Disruption As A Catalyst to Thrive

Jun 25
How you can use challenges to learn and develop


Any challenge or change creates a certain amount of disruption, but that does not mean the disruption itself can't be a catalyst for learning and development. Today's project management professionals need to help people develop the mindsets and habits as well as cultivate the right environment to not only perform but also to enhance their personal and professional growth in a world that is constantly changing. Two recent research studies have explored the ways people responded to unexpected as well as chosen challenges. This presentation will highlight the conditions that are necessary for disruption to become a catalyst to thrive.


  • Gain insight into the conditions that facilitate development versus despair when faced with unexpected and unwanted changes/challenges
  • Discover the mindset and habits that enhance personal and professional growth in challenging circumstances
  • Learn tools to maintain and enhance their own performance and wellbeing.
STEP 1: Register for this event now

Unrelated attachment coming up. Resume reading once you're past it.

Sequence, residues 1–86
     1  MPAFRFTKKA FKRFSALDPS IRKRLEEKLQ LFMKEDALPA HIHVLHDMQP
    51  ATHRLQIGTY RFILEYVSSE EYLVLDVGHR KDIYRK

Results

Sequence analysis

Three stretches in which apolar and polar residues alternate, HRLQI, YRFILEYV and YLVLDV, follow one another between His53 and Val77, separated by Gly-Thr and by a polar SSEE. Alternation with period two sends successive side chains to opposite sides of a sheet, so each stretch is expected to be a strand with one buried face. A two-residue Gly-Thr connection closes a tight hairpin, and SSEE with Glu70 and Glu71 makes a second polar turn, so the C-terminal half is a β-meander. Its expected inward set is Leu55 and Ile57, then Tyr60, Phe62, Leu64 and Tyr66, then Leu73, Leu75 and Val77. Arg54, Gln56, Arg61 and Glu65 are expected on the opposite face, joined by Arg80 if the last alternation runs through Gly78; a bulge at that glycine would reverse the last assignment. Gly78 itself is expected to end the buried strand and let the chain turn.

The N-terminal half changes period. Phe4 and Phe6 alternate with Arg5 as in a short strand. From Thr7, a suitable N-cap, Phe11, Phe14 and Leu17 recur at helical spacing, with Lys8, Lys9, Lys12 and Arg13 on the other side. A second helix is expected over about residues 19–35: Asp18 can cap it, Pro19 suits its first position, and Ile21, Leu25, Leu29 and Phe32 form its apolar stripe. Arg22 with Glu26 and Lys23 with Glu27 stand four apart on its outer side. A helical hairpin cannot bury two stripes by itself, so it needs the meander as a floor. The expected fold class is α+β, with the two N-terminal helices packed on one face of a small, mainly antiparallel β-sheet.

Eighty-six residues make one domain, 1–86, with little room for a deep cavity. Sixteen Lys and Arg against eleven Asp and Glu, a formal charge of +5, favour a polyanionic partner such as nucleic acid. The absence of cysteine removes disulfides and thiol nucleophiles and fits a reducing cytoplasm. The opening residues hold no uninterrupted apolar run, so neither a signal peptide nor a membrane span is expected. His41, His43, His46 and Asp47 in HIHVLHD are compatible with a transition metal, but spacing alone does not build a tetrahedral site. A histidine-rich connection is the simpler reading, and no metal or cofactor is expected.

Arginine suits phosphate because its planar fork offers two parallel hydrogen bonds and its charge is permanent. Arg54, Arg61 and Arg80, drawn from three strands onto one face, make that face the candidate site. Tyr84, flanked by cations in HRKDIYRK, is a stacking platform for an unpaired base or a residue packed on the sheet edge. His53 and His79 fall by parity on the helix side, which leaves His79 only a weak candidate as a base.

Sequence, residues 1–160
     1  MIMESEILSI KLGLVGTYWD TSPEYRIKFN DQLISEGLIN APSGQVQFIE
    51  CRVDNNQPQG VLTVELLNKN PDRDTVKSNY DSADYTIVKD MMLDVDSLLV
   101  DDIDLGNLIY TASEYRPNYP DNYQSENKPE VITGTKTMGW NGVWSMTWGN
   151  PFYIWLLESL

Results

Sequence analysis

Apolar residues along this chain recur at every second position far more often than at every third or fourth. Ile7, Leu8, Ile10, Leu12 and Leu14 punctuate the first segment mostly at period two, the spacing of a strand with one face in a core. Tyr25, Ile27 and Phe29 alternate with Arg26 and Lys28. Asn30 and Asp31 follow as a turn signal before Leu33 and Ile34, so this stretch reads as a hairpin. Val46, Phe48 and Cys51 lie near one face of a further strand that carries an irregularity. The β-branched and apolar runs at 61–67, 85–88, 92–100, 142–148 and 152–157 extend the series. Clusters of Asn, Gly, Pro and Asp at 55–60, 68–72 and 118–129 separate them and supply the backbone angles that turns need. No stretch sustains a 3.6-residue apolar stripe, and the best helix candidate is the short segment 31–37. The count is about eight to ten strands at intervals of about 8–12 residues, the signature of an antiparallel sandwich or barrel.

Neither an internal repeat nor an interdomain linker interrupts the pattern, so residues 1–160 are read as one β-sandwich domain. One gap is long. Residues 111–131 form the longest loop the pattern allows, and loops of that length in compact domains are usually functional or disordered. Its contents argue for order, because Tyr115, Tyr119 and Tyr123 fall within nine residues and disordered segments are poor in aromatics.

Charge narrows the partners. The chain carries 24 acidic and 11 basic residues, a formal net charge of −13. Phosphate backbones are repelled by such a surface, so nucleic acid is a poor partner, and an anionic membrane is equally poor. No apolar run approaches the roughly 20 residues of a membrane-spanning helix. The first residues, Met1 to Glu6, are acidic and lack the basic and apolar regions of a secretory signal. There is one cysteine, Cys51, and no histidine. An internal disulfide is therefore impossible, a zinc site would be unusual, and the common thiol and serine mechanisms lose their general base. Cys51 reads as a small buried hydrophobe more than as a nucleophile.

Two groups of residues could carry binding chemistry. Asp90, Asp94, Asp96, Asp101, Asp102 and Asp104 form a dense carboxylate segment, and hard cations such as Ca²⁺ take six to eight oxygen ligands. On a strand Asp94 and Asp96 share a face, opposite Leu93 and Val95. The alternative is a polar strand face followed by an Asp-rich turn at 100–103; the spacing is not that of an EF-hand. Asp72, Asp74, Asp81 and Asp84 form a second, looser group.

STEP 2: Two weeks prior, receive a link to view this webinar

Members $40 | Non Members $80
CPD Points: 4


Dr Connie Henson

Dr Connie Henson is founder/Managing Director of Learning Quest and author of BrainWise Leadership. She is also the creator of the science-based Mind Management™ Methodology and ACUITY™: a leader-led culture transformation program designed to restore customer trust and employee selfconfidence to ‘do the right thing’.

Connie has international experience designing programs to bring about cultural
change, business transformation and leadership development. Her programs are
informed by the latest neuroscience research and her diverse industry experience
(Corporate, SME, Not-for-Profit and Government sectors.)

A lively presenter, Connie’s expertise in the science of ‘how people work’ enables her
to apply the most current research and techniques in a way that is both practical and
entertaining. Her talks encourage high interaction, which quickly gets people to think
and work differently.

Dr Connie Henson